Last week, California Governor Jerry Brown signed new laws to extend a groundbreaking policy to curb climate change and to improve air quality in polluted neighborhoods. The legislation was approved by two-thirds of lawmakers with bipartisan support, continuing the state’s long tradition of practical policies that improve both the economy and the environment.
These new laws build on major steps forward over the past few years, including limiting the state’s greenhouse gas emissions to 40% below 1990 levels by 2030, doubling efforts to cut energy waste by improving energy efficiency, and requiring half of electricity to come from renewable sources like wind and solar by 2030.
The state’s ongoing leadership to curb climate change enjoys broad support among the public, according to Foundation grantee Public Policy Institute of California (PPIC), which has just released its annual survey on Californians’ views on the environment.
Key findings of PPIC’s survey include:
- Strong majorities of California adults (72%) and likely voters (66%) favor the new state law mandating reductions in greenhouse gas emissions.
- Half of Californians believe state climate policies will lead to more jobs.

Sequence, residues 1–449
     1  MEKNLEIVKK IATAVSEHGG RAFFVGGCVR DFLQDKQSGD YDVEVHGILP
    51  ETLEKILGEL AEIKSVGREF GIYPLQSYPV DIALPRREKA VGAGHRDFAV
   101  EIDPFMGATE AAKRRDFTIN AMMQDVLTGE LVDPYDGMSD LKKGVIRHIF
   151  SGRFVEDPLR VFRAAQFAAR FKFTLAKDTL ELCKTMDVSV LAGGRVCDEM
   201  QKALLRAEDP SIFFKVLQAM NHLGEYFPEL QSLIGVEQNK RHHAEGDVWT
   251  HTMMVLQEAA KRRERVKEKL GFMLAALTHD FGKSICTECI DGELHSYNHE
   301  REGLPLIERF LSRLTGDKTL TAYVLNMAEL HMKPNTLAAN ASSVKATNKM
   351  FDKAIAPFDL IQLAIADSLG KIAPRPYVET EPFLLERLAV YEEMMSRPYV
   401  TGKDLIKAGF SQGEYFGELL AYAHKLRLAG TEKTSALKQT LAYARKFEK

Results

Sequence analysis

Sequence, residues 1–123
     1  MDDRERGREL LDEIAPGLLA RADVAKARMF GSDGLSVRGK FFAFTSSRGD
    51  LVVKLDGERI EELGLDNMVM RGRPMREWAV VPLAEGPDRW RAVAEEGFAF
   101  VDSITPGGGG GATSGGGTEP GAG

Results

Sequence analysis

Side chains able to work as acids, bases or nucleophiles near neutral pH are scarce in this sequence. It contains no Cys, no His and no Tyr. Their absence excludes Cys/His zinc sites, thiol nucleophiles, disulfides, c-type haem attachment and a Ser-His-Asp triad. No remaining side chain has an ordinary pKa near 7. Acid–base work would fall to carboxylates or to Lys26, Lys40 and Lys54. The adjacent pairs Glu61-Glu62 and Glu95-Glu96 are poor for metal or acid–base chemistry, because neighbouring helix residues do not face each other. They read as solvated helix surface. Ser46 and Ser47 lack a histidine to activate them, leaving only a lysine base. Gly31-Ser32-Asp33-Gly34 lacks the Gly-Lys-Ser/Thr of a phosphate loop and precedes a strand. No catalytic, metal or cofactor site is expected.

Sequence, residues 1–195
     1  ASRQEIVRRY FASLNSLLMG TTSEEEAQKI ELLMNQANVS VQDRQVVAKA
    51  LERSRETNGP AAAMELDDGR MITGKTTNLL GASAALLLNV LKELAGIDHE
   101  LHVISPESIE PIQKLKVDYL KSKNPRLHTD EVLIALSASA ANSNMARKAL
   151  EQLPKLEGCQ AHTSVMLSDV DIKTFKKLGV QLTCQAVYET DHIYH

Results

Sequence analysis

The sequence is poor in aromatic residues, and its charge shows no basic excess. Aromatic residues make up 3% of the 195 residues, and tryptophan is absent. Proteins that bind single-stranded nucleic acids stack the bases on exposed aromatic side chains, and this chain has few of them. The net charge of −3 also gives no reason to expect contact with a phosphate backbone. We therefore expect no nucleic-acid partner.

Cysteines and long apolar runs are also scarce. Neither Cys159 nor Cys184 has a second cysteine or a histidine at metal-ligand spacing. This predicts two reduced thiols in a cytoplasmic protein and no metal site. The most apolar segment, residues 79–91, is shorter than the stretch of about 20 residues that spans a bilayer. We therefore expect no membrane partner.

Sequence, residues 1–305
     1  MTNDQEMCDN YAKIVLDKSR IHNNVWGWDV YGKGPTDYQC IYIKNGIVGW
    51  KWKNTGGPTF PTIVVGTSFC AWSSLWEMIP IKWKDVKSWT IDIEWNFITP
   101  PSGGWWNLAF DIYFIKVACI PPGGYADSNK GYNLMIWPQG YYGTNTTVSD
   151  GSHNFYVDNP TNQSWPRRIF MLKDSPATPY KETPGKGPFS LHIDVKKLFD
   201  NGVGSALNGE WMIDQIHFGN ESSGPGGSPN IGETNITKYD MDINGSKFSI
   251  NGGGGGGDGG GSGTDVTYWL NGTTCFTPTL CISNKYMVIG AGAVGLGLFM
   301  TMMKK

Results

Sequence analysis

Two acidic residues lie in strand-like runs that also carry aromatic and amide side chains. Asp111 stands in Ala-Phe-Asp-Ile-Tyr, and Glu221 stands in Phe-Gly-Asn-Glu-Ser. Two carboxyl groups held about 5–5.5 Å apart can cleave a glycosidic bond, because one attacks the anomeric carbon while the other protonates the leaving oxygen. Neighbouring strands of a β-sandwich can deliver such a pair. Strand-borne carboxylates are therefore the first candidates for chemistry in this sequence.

- Residents support steps to reduce climate change, even though most (54%) expect the result will be higher gasoline prices.
- Overwhelming majorities (76% adults, 71% likely voters) are in favor of getting more electricity from renewable sources.
- Four out of five Californians also say it’s very or somewhat important to them that California act as a world leader in efforts to fight climate change, as most say warming is a very serious threat to California’s future economy and quality of life.
Please read the full report here.
At a time when the national government is moving backwards and abandoning international partnerships on these issues, California brings a welcome ray of light for the path forward.